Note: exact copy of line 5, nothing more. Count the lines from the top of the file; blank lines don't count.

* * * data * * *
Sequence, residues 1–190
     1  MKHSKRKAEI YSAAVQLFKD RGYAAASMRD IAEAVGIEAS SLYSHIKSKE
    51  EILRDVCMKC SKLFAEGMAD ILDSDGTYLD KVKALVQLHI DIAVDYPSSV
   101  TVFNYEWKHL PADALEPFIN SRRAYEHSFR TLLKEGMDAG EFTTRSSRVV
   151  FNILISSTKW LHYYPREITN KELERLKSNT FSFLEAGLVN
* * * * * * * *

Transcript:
   151  FNILISSTKW LHYYPREITN KELERLKSNT FSFLEAGLVN